CIO-level hiring is an area that is still being addressed by employers and the CIO Council, a trade group for senior leadership, according to a new survey by The Leadership Conference on Civil and Human Rights.
The survey, conducted by the Leadership Conference in June, found that 80 percent of CIO candidates who had responded said they would not hire an employee based on race, gender, sexual orientation, religion or national origin.
The study also found that 77 percent of respondents said that they did not have a problem with the hiring of a person based on their ethnicity or religion.
In some cases, hiring decisions could be based on a person’s race or religion, the survey found.
The CIO and the Council said they had worked hard to improve diversity and inclusion in hiring practices, but it’s clear that some still struggle to make the right hiring decisions.
“Many of the CMOs and CIO Advisors we surveyed believe that diversity is their most important priority, but there is still a long way to go,” said the Council’s CEO, Mary Beth Murguia.
“Many CIO employers are reluctant to hire and retain qualified CIO/CIO Council members, who are often highly visible to CIO firms and industry leaders.”
“As a result, CIO groups continue to struggle with recruiting and retaining candidates who share their vision for CIO,” Murgum said.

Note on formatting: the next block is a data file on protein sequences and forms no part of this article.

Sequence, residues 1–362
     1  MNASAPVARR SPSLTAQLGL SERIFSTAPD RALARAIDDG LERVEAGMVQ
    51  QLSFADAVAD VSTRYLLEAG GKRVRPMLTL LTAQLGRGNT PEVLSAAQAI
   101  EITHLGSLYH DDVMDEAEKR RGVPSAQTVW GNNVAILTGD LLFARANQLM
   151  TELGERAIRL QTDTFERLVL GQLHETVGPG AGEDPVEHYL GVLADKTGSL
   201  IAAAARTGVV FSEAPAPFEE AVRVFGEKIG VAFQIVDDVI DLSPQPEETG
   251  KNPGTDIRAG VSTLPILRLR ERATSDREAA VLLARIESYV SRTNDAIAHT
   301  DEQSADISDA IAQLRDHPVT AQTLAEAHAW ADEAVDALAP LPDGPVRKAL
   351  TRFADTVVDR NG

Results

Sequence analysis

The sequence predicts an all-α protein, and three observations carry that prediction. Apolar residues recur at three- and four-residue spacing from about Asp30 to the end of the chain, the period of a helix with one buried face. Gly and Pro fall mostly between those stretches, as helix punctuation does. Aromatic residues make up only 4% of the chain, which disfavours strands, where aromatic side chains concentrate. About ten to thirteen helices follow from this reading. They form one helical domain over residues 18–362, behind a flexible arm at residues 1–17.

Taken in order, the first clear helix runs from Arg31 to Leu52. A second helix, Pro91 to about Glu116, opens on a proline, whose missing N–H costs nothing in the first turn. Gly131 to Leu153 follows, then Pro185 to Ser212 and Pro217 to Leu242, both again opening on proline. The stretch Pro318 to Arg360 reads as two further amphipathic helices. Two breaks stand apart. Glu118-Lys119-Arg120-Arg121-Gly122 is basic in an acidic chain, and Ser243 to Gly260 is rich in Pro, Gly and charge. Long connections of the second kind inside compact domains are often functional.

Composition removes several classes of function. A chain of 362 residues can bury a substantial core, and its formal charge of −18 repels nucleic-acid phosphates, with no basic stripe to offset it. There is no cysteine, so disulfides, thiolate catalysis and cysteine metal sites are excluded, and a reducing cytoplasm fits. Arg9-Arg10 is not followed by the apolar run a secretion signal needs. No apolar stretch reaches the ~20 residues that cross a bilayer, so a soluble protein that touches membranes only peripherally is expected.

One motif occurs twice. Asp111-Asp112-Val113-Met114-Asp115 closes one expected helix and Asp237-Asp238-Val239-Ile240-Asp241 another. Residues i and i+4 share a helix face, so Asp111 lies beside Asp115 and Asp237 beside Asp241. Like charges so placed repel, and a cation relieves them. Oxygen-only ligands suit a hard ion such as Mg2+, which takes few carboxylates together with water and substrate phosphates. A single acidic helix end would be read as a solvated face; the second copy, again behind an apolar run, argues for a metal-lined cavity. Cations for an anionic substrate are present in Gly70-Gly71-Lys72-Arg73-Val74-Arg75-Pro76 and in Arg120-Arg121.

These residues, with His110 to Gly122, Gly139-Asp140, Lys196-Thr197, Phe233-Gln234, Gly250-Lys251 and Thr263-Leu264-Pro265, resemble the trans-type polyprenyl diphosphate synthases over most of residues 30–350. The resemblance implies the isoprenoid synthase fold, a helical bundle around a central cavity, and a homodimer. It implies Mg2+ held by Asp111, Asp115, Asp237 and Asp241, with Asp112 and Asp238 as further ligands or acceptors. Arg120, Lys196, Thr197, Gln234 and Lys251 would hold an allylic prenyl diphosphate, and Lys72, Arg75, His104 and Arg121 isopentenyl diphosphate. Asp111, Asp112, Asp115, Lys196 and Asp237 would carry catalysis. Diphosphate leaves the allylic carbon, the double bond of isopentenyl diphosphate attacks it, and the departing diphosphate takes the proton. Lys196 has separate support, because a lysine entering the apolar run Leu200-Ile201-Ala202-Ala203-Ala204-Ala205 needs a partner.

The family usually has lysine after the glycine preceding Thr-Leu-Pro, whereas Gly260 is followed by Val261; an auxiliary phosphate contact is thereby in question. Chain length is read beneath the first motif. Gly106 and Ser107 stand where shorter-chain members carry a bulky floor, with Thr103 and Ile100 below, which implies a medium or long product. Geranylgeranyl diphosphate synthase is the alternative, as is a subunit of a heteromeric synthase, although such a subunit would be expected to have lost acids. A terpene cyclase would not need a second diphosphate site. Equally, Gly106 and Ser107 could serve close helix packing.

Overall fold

“This includes hiring and retaining those with more diverse perspectives.
This is particularly true for women, who comprise nearly 70 percent of the workforce and represent nearly 50 percent of all CIO positions in the United States.
Many employers do not want to hire women who represent a significant percentage of the labor force.”
The Leadership Conference survey also found a high rate of discrimination in hiring and retention, with CIO’s of color being nearly twice as likely to be hired as white candidates.
Women were also less likely than men to be interviewed and hired for CTO roles.
The report also found widespread discrimination against people with disabilities, who comprised 20 percent of people interviewed for the survey.
CIO, however, said that there is no indication that the CTO Council is making accommodations to help the COO and CPO’s meet the needs of their customers.
The Council said that it is actively working with organizations and employers to address this issue.
“We encourage our member organizations and our clients to engage in the hiring process, including through inclusion and diversity training and mentoring programs, to address the diverse hiring needs of our members,” said CIO spokesperson Sarah Burt.
“As we have been advocating for decades, we are excited to see CIO hiring and hiring policies that are inclusive, fair and respectful of all who apply for a CIO position.”
Read the full report at Leadership Conference.